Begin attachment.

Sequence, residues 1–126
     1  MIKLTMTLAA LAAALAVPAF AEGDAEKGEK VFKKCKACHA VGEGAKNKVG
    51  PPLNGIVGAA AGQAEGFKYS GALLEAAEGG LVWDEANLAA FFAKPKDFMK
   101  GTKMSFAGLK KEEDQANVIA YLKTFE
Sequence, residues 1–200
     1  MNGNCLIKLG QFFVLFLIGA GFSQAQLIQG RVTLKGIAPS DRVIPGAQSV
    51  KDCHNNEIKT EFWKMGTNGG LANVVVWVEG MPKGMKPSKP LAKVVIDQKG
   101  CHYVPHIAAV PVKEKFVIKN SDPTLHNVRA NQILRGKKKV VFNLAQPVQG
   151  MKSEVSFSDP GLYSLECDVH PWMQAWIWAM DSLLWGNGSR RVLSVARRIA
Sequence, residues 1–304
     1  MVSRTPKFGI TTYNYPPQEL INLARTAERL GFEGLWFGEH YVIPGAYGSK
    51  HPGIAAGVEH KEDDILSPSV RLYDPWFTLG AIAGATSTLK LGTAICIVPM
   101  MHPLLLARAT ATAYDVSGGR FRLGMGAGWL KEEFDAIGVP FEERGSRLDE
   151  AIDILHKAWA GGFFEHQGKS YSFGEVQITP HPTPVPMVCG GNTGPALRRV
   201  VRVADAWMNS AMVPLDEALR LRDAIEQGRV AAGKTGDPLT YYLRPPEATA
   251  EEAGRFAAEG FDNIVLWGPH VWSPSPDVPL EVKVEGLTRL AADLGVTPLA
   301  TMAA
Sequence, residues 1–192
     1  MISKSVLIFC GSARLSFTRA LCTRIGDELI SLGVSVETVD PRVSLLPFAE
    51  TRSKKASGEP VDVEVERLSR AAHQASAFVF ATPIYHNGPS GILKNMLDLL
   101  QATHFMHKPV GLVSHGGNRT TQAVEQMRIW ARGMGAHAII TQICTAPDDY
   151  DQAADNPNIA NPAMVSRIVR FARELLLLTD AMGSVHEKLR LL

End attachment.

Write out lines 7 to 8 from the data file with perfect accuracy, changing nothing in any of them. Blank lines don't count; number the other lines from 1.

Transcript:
    51  KDCHNNEIKT EFWKMGTNGG LANVVVWVEG MPKGMKPSKP LAKVVIDQKG
   101  CHYVPHIAAV PVKEKFVIKN SDPTLHNVRA NQILRGKKKV VFNLAQPVQG